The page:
a) Basically limited to single-celled critters without protected germ-line cells
b) Most commonly there to prokaryotes that are *known* to do all kinds of conjugation, DNA uptake, etc.
b.5) In eukaryotes, the most impressive cases lateral transfer are the cases of symbiosis, in which the genomes of the host and symbiont are in close association for millions of years and transfers can occur bit-by-bit while maintaining function
c) Suspicions of transplants are often confirmed by finding plasmids, insertion remnants, and evidence of other known lateral transfer mechanisms
d) Transplants are most common between prokaryotes (a) closely related or (b) living in close proximity
e) Apparently limited to relatively simple systems (single operon?), and the more complex the system, the more closely related must be the donor/acceptor.  The most complex system transferred that I can think of is Type III virulence systems, and (IIRC) these are all restricted to a relatively narrow group.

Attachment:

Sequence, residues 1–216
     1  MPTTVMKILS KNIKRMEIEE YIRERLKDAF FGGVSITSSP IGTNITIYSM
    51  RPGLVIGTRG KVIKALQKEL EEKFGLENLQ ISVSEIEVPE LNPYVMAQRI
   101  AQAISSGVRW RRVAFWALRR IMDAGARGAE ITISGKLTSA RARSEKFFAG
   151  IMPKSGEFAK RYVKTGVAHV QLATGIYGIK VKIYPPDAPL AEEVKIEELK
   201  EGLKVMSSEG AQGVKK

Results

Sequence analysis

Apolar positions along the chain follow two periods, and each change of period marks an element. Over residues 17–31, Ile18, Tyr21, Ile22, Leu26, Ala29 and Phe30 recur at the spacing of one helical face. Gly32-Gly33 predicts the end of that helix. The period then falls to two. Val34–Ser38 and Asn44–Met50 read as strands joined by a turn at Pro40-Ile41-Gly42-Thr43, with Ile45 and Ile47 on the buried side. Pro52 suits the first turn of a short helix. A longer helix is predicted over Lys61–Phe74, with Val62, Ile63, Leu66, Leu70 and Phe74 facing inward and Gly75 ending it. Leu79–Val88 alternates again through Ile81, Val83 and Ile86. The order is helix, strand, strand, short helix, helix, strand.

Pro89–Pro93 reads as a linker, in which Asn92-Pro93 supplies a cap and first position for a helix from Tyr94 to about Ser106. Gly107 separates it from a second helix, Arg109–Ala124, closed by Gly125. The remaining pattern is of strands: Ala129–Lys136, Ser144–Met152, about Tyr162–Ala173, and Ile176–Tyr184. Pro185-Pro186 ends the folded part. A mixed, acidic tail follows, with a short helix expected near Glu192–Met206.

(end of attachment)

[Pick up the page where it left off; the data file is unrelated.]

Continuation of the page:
As an example of the contrast seen in human designs, the following highly complex systems originated locally and were rapidly transplanted into any manner of larger devices (cars, planes, boats, etc.) without any regard for the kinds of biological, ecological, and phlyogenetic patterns described above:

- computers
- GPSs
- satellite phones
- emergency transponders

4) It occurs to me suddenly that the pattern that all of these designed transplants follow is that they are useful *to the designer*, i.e. safety, navigation, etc.  So, even in a case where the lateral transfers were biologically possible, if the pattern of transfer fit the purposes of a hypothesized designer(s), I would suspect design.